June 1, 2017
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This Austin company sells clothes in order to give clothes—and jobs—to the homeless

With 'patience, hope, and hustle' Tim and Agata Scott built Mitscoots Outfitters after witnessing a need in their community.

With every piece of clothing they sell, Mitscoots gives an equal-quality item to someone in need. The company also employs the transitioning homeless. Photo courtesy of Mitscoots

For years we had been volunteering our time with the homeless community while going to school. We consistently came across individuals in need and sadly didn’t have a way to help. We always brought enough food and water but were constantly running out of hand-me-down clothing items like socks, beanies, scarves, gloves, and accessories. It was unreal to see such demand for many of the basics. Tim, having just gotten out of the military, was driven crazy witnessing the need for help and having no way to fix it. So, we set out to find a company that might be willing to donate items to us so that we could give them out to individuals in need.

Sad to say it was a lot harder than we expected. So, we decided to make the company ourselves.

What started as a crowdfunding project turned into an Austin, Texas-based clothing company on a mission to outfit and employ individuals transitioning out of homelessness. Originally, we started with the one-for-one concept, but as the company grew we saw tons of employment opportunities. We looked around and realized we had an amazing and underutilized workforce that could become the cornerstone for our company.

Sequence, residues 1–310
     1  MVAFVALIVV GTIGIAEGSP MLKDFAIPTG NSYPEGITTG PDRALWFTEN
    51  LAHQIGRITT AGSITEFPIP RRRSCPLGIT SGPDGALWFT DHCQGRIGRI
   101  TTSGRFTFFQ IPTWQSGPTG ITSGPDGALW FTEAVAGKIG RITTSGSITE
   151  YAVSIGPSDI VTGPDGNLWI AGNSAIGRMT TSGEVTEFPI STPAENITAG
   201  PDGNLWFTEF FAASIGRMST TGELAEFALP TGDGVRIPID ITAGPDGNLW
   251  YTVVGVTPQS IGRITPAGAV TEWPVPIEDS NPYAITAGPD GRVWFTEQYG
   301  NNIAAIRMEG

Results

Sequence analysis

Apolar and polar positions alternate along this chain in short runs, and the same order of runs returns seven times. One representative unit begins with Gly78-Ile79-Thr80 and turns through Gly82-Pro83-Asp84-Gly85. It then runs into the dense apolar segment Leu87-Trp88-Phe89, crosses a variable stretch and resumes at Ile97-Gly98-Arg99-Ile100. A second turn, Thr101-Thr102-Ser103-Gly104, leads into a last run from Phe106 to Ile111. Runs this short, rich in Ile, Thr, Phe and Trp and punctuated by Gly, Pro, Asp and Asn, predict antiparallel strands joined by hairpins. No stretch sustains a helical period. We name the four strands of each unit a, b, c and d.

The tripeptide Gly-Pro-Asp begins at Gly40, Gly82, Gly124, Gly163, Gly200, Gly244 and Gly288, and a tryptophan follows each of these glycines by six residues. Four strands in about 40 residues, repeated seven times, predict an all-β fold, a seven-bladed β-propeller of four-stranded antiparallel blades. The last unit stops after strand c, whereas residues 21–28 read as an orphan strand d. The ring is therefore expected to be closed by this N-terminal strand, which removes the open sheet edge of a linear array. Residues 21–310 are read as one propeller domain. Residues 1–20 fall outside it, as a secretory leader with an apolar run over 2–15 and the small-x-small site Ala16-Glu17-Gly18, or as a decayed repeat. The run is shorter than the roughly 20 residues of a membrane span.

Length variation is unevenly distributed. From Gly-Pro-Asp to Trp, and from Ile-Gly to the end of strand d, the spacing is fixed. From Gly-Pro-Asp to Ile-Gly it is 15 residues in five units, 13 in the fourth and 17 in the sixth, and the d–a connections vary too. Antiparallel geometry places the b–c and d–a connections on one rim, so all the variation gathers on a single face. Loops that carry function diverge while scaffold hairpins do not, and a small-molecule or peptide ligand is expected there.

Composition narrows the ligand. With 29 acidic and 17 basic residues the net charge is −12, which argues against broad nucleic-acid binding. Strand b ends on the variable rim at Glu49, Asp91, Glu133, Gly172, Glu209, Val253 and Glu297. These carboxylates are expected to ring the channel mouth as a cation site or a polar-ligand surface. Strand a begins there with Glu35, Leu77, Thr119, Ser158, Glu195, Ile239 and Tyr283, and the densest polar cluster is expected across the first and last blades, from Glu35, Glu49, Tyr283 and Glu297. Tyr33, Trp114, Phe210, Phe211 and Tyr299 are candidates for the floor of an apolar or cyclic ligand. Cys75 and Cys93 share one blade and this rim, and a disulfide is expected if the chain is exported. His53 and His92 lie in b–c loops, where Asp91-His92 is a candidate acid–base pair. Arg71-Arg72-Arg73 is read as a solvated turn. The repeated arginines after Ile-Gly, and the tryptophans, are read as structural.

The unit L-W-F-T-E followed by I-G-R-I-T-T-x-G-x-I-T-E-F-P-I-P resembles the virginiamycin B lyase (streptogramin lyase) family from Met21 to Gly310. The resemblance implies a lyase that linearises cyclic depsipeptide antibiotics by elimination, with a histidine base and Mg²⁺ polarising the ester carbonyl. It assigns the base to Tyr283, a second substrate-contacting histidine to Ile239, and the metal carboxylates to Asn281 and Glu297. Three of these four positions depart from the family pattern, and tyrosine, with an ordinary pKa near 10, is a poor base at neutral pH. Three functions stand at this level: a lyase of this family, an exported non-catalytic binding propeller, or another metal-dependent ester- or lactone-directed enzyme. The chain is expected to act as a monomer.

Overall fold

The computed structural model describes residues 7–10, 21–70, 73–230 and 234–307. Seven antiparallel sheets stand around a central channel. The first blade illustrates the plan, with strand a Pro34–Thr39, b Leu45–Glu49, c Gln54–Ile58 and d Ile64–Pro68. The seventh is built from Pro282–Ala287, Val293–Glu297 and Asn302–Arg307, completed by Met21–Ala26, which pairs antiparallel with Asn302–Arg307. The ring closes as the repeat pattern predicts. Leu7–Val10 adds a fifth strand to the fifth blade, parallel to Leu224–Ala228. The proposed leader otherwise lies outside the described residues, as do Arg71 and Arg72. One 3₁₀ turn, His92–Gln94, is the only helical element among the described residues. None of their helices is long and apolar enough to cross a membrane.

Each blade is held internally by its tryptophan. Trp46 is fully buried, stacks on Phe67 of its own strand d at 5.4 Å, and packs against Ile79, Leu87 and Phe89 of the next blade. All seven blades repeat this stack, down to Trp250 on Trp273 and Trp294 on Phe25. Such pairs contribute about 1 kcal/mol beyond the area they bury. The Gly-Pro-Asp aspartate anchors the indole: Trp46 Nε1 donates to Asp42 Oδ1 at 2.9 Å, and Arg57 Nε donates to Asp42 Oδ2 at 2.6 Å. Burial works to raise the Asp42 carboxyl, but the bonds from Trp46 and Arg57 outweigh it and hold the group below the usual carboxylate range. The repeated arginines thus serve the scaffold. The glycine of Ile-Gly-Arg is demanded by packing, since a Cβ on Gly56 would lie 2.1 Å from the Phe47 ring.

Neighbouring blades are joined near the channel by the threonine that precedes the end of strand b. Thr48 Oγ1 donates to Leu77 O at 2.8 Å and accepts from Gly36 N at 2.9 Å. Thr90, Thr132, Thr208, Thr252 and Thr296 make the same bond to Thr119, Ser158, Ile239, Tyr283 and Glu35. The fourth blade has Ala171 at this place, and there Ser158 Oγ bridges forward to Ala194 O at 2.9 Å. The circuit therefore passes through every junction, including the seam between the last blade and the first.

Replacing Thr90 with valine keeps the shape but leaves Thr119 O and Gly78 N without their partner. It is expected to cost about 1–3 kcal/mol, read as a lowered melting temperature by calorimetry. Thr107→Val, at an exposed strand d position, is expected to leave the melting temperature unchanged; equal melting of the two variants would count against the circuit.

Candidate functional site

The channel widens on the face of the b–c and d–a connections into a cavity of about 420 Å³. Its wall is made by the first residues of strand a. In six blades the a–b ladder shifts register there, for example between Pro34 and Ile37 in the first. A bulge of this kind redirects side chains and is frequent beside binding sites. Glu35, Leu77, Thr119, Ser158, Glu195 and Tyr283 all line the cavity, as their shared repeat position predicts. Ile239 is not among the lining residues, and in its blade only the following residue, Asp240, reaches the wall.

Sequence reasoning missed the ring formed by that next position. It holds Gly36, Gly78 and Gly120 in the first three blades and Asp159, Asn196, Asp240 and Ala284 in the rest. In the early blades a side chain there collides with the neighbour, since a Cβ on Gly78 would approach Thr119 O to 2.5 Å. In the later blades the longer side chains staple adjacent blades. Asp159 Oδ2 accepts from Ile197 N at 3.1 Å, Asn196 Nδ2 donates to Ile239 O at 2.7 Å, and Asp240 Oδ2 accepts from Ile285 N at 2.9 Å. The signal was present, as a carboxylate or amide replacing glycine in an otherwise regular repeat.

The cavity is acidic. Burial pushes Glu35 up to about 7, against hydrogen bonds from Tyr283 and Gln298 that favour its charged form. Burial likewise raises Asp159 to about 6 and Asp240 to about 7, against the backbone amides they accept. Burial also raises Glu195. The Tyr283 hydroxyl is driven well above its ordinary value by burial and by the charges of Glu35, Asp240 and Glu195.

If we hire, we hope to address one of the core issues of homelessness: the ability to earn.

For every item that’s purchased through Mitscoots Outfitters online or through our 200-plus retail partners, we donate an equal-quality item to someone in need. Hat-for-hat, gloves-for-gloves, socks-for-socks. To take it to the next level, we employ individuals transitioning out of homelessness. They are key in getting our goods packaged up, branded and sent out all over the world. If we hire, we hope to address one of the core issues of homelessness: the ability to earn.

Three things that we’ve learned through our journey are patience, hope, and hustle.

    1. Being co-founders and married comes with a number of unique struggles for a startup. That’s where we’ve learned the most patience. Not just for our company to come into itself, but for us to work together and grow together into better leaders. Case in point, we’ve been in debate about how to write this editorial. So, having the patience to learn the hard lessons and become a better person and leader is essential.

    2. Having a company that offers a second chance to many individuals that thought their chances had run out is the truest test of hope we’ve come across. Not everyone that walks through our door has grown up with a passion for the clothing industry. But, they have developed a personal drive and hope for a better tomorrow. We are beyond lucky to be the mechanism by which they can get there. Have the hope that guides your dream to the place it could be and not just where it is.

    3. As we’re sure most entrepreneurs have learned and heard a thousand times, hustle is key. We built a veteran-owned, U.S.-made, philanthropic, eco-conscious company with the foundation to lift others out of poverty while making a great product. We wish we could say that was enough to end up on The Today Show. The truth is, you’ve got earn those few fleeting moments that people take out of their busy lives by making something that is worth talking about and then hustle to tell the world about it.

We’ve seen that success can start from a number of different places and perspectives. The common traits we’ve seen that connect that success and that can come from anyone are patience, hope, and hustle.

Tim and Agata Scott

Co-founders of Mitscoots

Tim and Agata Scott cofounded Mitscoots, an Austin-based clothing company on a mission to outfit and employ individuals transitioning out of homelessness.